Right fielders in college are a mixed bag. The prototypical right fielder has a power arm and a power swing. If a right fielder has offensive skills, range and defense can be sacrificed. However, like a lot of the other positions that used to be based on big boppers, this position is changing in the new bat era.
The new right fielder is more athletic than in the past. That is the biggest difference. There isn’t a spot in the field anymore for a guy who can’t handle himself on defense. Don’t believe us? Take it from Kevin O’Sullivan, head coach of the National Champion Florida Gators, who said, “If you can’t play defense, you can’t play at our level.” That being said, right fielders still don’t have to be covering ground the same way a center fielder does. Getting good jumps is going to be key. If you can take away some of the gap by getting a good jump on the ball, you’re going to save your team a lot of runs. The one thing that hasn’t changed about right field is the need for a good arm. It’s long been tradition that the corner outfielder with the strongest arm plays in right field because of the need for a long throw to third. Keeping a runner from going 1st to 3rd on a single to right field is a huge asset for a defense. It is very rare that there is a right fielder in college with a subpar arm. If you think that you fit best in right field, start concentrating on your throwing program. Learn proper mechanics so that your throws don’t tail or cut. Learn how to get rid of the ball quickly and how to judge a field so that you can throw a long-hop every time. Defensive strength and accuracy mean playing time for right fielders, and mastering these skills can turn an average defender into a great one.
Offensively, like first base, right fielders are no longer relied on to hit the ball out of the ballpark consistently. A lot of teams do like to put a good bat out in right field, but often it’s a guy with raw athleticism as opposed to old-fashioned power. That means that a right fielder’s job at the plate is going to be dictated by his skill set. Obviously, teams will hope that they can find a guy to play right and hit in the middle of the order. However, if that isn’t the case for you, don’t worry. If you have speed, find a way to use it. If you’re a contact guy, learn how to pick up your hits in big situations. The key to offense in today’s era of college baseball is quality at-bats. You’ll hear that preached at just about every program in the nation. Learn how to have team-first at bats and be a productive offensive player and your coach will find a spot for you.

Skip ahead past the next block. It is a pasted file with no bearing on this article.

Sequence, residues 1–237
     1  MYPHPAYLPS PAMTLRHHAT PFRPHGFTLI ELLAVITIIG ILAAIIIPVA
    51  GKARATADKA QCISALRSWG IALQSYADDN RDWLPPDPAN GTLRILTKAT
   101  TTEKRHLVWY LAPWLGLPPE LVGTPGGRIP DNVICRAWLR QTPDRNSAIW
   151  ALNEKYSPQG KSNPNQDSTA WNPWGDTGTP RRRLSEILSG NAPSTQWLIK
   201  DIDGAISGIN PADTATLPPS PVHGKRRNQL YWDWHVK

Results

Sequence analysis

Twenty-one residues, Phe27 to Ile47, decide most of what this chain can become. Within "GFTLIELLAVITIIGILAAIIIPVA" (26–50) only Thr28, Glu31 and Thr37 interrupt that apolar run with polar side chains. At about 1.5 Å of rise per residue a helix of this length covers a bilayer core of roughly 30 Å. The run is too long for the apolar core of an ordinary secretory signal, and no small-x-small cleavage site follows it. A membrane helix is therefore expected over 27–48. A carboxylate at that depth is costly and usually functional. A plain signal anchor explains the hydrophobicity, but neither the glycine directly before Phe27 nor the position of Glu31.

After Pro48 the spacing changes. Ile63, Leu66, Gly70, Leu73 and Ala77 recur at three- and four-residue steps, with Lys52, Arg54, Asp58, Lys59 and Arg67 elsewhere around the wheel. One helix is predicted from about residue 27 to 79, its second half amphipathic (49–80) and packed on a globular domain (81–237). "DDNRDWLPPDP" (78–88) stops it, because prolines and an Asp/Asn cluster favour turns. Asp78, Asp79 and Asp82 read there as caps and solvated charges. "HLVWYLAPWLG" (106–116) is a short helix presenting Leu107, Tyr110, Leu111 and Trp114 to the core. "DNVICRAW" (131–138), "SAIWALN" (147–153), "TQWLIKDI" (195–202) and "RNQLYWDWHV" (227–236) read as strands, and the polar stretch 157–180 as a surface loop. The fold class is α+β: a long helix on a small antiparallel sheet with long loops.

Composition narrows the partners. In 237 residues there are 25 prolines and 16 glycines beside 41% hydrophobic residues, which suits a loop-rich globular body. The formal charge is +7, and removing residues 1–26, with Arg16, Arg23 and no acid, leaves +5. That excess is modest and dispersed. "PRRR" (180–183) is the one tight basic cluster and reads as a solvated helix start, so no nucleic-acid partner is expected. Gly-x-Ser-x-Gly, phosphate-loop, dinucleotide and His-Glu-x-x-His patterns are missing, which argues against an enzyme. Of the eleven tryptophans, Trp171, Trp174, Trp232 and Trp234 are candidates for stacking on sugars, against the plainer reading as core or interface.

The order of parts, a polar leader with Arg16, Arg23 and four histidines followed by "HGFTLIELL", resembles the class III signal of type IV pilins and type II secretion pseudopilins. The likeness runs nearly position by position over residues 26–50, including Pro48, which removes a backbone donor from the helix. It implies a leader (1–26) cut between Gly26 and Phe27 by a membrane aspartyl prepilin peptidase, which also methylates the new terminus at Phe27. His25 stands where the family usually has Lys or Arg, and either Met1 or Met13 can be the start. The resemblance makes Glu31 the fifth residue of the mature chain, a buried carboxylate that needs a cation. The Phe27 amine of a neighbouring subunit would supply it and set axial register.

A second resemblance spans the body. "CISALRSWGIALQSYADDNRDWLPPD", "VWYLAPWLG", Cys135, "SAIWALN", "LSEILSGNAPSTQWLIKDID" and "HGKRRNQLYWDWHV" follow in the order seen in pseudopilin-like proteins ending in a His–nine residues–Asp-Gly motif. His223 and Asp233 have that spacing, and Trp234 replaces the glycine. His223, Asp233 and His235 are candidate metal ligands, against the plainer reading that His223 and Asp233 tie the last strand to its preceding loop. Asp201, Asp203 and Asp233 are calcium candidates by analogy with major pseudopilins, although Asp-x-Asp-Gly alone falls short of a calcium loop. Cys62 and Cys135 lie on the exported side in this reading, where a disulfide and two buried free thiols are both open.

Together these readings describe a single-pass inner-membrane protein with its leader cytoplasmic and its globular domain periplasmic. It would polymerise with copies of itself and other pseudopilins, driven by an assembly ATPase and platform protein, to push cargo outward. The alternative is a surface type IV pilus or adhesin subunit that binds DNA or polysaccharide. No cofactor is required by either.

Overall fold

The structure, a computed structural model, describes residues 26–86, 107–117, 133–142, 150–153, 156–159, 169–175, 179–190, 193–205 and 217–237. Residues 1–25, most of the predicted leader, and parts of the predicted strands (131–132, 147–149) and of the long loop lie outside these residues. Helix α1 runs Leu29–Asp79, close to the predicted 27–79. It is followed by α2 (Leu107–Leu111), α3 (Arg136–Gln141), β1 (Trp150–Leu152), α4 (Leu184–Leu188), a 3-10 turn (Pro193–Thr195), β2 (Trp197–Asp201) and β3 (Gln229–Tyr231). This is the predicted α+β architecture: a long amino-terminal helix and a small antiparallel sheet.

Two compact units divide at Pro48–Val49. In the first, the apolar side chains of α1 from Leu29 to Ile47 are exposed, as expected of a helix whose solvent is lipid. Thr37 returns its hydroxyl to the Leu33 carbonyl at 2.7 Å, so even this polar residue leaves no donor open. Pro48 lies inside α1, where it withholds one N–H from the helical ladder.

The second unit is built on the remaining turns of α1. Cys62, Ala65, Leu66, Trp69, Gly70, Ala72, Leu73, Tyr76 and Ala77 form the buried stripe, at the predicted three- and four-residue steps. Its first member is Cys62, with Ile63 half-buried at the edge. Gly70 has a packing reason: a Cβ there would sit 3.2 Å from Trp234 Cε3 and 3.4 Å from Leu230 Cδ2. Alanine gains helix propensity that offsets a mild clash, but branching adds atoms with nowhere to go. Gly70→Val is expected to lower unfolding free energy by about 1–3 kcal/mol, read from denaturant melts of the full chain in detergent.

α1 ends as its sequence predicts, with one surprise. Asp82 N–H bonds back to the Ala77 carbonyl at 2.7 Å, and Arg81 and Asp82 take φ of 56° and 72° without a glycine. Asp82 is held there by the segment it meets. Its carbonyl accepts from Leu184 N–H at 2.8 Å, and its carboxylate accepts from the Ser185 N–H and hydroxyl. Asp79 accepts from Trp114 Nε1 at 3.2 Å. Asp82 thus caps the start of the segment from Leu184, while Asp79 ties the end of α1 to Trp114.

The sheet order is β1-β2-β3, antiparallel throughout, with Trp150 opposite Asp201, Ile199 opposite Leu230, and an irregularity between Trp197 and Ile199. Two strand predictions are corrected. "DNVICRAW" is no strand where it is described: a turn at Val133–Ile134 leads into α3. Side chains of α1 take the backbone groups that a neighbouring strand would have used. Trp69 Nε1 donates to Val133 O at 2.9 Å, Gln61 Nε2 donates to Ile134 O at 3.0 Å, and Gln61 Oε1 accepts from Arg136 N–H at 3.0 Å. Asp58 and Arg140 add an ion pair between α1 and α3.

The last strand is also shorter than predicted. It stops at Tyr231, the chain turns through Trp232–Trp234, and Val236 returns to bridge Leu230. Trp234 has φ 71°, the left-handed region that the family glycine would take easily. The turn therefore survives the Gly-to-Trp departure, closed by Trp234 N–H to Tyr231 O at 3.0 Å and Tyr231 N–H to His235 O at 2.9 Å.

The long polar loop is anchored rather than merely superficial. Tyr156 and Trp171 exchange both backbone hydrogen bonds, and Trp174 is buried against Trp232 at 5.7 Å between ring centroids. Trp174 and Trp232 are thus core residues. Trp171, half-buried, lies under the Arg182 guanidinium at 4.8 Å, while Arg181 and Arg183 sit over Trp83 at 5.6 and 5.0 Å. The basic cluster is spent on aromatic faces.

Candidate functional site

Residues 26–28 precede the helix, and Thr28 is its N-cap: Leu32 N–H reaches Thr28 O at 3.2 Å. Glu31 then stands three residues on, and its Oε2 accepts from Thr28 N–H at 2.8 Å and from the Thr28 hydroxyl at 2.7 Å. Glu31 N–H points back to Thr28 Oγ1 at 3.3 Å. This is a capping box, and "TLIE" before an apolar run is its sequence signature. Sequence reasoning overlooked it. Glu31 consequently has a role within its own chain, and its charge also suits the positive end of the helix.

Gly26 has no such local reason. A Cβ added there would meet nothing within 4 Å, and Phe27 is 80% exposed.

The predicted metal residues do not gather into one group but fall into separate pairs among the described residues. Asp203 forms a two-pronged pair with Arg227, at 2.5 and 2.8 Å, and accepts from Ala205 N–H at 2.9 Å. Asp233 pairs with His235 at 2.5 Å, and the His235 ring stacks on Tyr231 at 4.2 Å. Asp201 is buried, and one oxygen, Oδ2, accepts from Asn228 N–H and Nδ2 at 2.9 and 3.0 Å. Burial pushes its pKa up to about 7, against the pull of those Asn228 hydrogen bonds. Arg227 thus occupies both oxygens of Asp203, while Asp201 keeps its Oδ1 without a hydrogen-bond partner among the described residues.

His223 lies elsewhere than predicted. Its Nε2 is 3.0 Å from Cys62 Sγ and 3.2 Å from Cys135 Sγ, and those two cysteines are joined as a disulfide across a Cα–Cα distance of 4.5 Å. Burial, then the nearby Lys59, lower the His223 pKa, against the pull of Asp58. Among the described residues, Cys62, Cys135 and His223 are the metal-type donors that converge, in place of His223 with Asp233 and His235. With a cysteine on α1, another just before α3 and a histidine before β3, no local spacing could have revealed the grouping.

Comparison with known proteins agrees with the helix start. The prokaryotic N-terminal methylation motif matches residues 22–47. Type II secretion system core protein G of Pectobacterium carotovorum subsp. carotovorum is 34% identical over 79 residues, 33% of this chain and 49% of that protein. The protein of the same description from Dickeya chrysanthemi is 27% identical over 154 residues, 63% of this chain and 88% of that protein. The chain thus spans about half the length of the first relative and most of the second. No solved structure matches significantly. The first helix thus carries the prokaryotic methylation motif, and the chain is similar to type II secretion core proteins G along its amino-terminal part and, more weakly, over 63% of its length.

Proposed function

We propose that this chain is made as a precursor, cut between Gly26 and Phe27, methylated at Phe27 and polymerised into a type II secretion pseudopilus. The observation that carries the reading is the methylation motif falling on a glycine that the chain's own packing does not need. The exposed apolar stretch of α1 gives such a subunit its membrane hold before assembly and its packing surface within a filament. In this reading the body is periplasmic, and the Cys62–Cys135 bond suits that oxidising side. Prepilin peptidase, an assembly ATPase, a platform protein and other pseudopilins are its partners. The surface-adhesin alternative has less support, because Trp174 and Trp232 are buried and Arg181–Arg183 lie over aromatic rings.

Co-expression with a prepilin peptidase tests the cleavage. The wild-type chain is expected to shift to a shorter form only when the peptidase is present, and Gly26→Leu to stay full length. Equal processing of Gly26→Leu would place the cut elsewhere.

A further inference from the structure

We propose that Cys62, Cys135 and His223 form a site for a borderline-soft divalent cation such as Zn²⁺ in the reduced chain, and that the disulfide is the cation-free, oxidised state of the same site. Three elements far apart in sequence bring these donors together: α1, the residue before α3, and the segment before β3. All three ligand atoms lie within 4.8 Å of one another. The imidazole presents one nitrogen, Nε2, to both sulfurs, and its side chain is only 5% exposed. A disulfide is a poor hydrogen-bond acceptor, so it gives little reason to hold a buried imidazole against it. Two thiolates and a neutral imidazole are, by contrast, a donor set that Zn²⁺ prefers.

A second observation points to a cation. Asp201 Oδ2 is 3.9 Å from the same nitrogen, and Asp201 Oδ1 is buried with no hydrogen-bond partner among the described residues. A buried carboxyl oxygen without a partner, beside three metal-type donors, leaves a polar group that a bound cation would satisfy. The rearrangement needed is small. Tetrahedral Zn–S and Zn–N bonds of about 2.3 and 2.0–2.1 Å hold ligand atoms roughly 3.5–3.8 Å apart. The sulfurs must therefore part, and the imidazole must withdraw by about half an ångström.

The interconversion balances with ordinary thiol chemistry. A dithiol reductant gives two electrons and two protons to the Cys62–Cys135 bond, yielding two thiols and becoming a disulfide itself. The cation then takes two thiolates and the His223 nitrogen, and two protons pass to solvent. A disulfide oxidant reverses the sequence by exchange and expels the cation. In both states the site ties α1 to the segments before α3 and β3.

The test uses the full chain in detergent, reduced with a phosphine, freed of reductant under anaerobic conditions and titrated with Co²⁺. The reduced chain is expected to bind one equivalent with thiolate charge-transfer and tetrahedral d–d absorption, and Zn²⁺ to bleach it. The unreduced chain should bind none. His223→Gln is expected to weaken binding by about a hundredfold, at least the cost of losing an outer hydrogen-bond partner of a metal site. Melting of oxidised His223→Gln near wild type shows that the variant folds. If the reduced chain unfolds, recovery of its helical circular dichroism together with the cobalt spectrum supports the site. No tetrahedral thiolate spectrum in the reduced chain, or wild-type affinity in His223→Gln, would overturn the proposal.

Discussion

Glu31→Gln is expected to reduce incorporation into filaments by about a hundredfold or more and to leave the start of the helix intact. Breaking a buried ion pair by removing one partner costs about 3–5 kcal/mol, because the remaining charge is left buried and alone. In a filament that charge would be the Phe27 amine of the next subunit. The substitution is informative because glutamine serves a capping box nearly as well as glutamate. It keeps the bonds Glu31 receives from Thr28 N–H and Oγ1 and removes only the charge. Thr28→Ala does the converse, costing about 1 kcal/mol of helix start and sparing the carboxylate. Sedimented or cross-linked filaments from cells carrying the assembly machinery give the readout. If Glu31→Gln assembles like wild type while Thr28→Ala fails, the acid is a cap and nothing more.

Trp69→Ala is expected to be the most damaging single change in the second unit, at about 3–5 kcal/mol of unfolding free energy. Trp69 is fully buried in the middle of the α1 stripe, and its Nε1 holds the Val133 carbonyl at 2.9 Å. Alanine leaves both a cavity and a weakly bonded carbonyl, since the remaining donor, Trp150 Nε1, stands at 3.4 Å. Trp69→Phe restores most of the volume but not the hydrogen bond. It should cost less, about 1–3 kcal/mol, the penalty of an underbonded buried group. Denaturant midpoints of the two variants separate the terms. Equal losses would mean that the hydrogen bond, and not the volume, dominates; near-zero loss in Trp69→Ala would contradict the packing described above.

Overall, right field is a changing position. It’s wide open right now to all types of players while coaches explore the type of team that they’re putting on the field. Who plays right will depend on the skill set of the team as a whole. Remember, in the age of the new bats, one player can’t win a game on his own. Tailor everything you do so that your strengths are instrumental for your team’s ability to win.